Obama there should be no surprise that he will not alter his eternal pledge
    of support for Zionist and Israeli concerns. He has sold himself to Israel most
    probably for the financial support for his various campaigns. Or to put it more
    charitably to avoid defeats. There never was a “dear Mr. President…” to
    consider the concerns of Palestinians or of other Muslim states with the exception of those from whom the US receives benefits (sometimes called “interest”).

  2. charles sereno
    February 28, 2013 at 17:28

    I hope that Mr. Pillar would lend his expertise to analyzing in depth the rationale behind the disparate responses of the US to the North Korean and Iranian “nuclear threats” when, superficially, North Korea would seem to appear the first logical target.

    • F. G. Sanford
      February 28, 2013 at 18:14

      I’m not an expert, but I think I can provide the analysis you’re looking for. How about…there aren’t enough Israelis in South Korea? South Korea doesn’t have any oil? North Korea doesn’t have any either? The Chinese live next door? North Korea’s entire GDP is one third the aid package we give to Israel? (Yep, believe it or not the whole country has an annual budget of only $1 Billion) How about…they’re not Muslims? Those are just a few of the reasons. An expert would no doubt be able to come up with more.

      • F. G. Sanford
        February 28, 2013 at 18:32

        Oh…and I forgot the most important reason! North Korea actually does have a nuke, and Iran doesn’t! After we got our asses kicked by a bunch of illiterate opium growers, you don’t think we’d tackle a nuclear armed country with an infantry, tanks and artillery, do you?

        • charles sereno
          February 28, 2013 at 21:26

          I enjoyed awakening your comic streak. I KNOW I’m not funny but I keep trying. How’s this: 1) We send an agent over with a trigger for their nuclear material (No, not Rodman); 2) We convince them to explode a demonstration bomb in the Pacific as a warning; 3) The test fails and we double Homeland Security’s budget.
          PS I think it’s about a country with a name beginning with “C.”

  3. TheAZCowBoy
    February 28, 2013 at 13:59

    Let’s keep it simple fplks. Financing Jeiwh terrorism will be the downfall of thge Great Satan and this American can hardly wait. The US learned nothing from WTC-1 and the Jews learned nothing from Holocaust !

    One more time Pilgrims: “Let’s take it from the top. One 3 kiloton nuke in NYC harbour in a shipping container (comming right up folks!) or shall we do it in Tel Aviv’s harbour where it will create the ‘world’s deepest harbour’ (Purr-fect for our Nimitz class carriers that get past Iran’s ‘nuclear capable’ Sunburn supersonic anti-ship missiles; which I read can take a Nimitz class carrier (with its 5,000 men crew) to the bottom of the Persian Gulf in about 12 minues, (if the magazine stores are hit directly). Ohhhh well…..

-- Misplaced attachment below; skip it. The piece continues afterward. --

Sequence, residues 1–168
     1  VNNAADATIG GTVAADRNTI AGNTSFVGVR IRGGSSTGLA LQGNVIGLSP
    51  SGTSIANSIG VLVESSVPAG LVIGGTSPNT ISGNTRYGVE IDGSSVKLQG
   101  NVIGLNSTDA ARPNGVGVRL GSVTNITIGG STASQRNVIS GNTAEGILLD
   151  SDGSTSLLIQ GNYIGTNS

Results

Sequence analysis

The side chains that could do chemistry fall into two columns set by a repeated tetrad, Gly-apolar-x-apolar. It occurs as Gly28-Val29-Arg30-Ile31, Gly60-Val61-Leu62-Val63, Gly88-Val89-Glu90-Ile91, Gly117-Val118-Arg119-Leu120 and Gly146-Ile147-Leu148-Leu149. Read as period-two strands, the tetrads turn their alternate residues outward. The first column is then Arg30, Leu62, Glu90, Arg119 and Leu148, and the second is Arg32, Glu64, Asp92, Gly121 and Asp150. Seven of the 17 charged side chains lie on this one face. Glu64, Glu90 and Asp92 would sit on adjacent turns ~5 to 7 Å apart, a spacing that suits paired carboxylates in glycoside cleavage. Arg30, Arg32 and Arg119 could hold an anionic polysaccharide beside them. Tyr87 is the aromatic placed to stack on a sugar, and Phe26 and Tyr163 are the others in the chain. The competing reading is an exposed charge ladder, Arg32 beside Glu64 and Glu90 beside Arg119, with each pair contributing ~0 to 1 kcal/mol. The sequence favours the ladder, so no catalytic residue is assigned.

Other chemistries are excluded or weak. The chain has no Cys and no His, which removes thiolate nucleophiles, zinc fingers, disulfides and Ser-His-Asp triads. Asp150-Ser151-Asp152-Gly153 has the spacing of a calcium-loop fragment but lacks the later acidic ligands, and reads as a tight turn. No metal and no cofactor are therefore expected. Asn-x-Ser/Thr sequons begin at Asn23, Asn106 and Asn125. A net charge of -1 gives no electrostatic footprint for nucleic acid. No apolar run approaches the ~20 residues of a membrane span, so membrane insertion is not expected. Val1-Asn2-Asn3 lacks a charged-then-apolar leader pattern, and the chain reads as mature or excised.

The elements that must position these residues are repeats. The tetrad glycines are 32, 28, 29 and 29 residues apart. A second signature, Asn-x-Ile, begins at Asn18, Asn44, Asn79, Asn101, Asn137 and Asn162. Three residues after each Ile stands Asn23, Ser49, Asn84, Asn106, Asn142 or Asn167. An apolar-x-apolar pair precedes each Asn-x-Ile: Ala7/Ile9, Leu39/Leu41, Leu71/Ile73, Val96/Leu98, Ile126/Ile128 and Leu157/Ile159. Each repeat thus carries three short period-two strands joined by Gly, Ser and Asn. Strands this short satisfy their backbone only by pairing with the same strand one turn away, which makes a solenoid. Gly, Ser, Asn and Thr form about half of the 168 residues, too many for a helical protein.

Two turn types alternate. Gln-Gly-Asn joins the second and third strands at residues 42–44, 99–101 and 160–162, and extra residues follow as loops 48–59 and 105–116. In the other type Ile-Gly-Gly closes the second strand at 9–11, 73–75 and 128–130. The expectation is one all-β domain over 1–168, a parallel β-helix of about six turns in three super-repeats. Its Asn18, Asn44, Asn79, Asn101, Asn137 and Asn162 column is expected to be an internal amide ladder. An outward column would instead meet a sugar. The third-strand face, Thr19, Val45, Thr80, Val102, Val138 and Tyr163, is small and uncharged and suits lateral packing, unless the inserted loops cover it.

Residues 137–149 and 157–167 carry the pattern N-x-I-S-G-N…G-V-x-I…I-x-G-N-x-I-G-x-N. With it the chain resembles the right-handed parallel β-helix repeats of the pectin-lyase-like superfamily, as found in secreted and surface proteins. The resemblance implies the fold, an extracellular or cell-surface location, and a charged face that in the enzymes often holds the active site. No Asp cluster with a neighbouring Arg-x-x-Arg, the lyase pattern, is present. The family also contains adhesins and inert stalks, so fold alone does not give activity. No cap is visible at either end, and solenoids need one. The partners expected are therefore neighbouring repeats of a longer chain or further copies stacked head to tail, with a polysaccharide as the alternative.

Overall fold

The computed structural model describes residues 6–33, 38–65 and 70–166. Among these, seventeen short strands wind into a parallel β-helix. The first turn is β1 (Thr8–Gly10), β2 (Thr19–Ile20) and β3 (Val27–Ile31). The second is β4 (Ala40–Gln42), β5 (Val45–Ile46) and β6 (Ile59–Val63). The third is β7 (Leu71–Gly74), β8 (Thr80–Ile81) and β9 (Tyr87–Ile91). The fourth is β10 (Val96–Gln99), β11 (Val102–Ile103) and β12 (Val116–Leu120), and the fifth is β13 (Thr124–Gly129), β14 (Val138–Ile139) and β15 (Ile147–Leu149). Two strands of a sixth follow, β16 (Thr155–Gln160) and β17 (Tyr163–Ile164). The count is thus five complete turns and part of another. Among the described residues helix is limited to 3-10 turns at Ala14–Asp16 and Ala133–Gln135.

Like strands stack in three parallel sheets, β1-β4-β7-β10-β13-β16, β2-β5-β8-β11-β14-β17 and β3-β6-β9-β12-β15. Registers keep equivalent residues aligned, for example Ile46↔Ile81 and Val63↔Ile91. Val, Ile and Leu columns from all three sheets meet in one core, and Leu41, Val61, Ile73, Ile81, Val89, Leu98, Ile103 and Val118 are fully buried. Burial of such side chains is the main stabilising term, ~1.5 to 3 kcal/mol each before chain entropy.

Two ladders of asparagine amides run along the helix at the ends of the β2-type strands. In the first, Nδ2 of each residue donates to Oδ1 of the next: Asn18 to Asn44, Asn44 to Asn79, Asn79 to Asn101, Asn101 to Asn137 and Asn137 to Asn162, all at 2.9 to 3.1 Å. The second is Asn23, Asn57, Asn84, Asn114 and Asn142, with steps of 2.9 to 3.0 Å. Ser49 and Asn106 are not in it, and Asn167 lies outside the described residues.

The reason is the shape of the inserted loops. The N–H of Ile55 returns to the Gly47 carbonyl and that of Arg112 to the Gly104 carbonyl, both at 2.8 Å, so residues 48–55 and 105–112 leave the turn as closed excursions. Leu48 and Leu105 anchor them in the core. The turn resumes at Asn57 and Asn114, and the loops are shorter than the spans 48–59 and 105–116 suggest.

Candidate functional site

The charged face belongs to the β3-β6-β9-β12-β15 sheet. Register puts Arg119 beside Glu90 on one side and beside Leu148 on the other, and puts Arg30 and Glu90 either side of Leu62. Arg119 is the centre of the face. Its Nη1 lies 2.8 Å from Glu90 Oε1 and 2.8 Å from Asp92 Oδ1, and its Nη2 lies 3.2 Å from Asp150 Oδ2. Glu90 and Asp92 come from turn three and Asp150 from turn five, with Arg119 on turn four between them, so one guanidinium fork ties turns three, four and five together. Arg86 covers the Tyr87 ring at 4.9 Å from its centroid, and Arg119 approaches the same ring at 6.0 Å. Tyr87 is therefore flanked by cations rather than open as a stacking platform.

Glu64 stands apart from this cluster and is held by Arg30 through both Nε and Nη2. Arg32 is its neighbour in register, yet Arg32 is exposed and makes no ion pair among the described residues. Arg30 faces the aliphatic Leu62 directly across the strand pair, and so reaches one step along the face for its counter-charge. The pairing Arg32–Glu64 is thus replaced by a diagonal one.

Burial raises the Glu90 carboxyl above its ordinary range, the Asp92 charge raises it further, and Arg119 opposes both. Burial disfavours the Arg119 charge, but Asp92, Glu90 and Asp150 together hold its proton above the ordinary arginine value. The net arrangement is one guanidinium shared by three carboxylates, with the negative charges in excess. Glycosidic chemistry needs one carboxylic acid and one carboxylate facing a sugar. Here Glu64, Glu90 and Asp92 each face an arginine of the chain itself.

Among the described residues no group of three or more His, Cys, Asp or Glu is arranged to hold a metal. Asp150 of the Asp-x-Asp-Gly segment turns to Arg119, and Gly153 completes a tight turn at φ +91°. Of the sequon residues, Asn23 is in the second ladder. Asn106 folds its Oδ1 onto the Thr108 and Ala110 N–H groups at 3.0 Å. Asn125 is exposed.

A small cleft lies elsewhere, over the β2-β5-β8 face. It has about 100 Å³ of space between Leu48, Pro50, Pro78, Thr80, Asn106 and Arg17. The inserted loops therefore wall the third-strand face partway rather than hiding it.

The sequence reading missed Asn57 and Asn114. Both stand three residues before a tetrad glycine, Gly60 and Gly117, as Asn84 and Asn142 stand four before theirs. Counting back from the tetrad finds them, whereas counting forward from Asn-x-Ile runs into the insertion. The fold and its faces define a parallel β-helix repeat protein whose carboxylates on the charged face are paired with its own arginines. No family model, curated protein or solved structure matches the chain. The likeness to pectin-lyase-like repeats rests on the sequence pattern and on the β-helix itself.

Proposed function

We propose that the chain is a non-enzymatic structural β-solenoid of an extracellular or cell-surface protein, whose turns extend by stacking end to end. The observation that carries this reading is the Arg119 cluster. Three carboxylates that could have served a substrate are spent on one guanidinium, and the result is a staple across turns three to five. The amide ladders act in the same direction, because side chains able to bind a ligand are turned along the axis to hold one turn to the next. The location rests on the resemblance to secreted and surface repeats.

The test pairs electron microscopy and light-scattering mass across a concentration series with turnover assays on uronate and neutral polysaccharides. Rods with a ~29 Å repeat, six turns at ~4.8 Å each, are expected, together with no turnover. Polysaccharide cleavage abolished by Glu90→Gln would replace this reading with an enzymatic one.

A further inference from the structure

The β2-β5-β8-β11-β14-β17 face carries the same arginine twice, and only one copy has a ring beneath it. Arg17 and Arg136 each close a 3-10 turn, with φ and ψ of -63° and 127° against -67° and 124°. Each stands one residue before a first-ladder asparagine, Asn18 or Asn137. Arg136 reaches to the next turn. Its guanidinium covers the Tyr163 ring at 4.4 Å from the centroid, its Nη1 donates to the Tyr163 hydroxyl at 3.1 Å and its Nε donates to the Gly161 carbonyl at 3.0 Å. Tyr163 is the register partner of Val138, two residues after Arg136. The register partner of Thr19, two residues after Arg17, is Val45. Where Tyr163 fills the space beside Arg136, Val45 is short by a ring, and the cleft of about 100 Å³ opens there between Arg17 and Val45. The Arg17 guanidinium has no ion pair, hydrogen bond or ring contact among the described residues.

4. Ronald Thomas West
    February 28, 2013 at 13:04

    I’ll round out my initial comment for you, with more useful information than was in the entire article, in one paragraph:

    So long as Netanyahu can cling to power in alliance with the ultra-orthodox parties via a policy of ‘annexation creep’ by settlement, any ‘peace process’ will be a charade, whether when showing [artificial] life or merely alluded to. There is no sincere movement, and there will be no sincere movement so long as America’s ‘Christian Dominion’ (neo-con) community is a part of the equation. That element of the AIPAC alliance is going to be ultimately murderous to all parties, inasmuch as the ‘Christian Dominion’ element is based on a theology of literal Armageddon. People had better wake up to this, a good place to begin is looking into Mikey Weinstein’s Military Religious Freedom Foundation http://www.militaryreligiousfreedom.org

  5. Ronald Thomas West
    February 28, 2013 at 12:47

    Going from an agency that, among other less than honest things, specializes in information operations (deceit), to a professor at an ivory tower, is hardly any qualification to disseminate useful information. It never ceases to amaze how the facts on the ground (my background is military special operations intelligence) seldom stack up accurately in academia. 28 years experience behind a desk qualifies for ‘skimming over the surface’, I’ll grant you that.

  6. Hillary
    February 28, 2013 at 12:35

    Paul R. Pillar is good but obviously has to tread lightly.

    In his 28 years at the Central Intelligence Agency, rose to be one of the agency’s top analysts.
    The history of the CIA is nothing we can be proud of.
    So many times the CIA has “got” it wrong as with the fall of the USSR.when “Robert Gates” pushing for more US Military Industrial spending to counter the “imaginary” USSR power.

    After getting it so wrong , what happened to Mr. Gates ? He was promoted “of course”,.
    Not to mention Iraq or 9/11.
    It all seems like the “same old, same old”
    However Paul R. Pillar is good but obviously has to tread lightly.

  7. Ronald Thomas West
    February 28, 2013 at 10:36

    Much ado about surface symptoms and no cutting to the underlying cause. Netanyahu’s policy is ‘annexation creep’ by settlement and clinging to that policy is clinging to power with the ultra-orthodox religious parties. No one in their right mind (no one who’d served 28 years in the CIA could possibly be in their right mind) actually believes the peace process stands a ghost of a chance with AIPAC uniting Christian and Jewish zionist alike, the peace process is a charade when it is showing signs of [artificial] life and it is a charade when it is pontificated upon.

    Some worthwhile reading on the subject (unlike Pillar’s articles) would be Eyal Weizman ‘The Least Of All Possible Evils’ [2011] on “Humanitarian Violence” and failed American & Israeli policies, and the psychology behind the failures.

    • gregorylkruse
      February 28, 2013 at 11:51

      I agree with your second sentence, but the rant against Pillar is as unnecessary as it is unpleasant. Pillar may be skating over the surface in this article, but suggesting that he is insane, pontifical, and unworthy makes you sound like an angry egotist.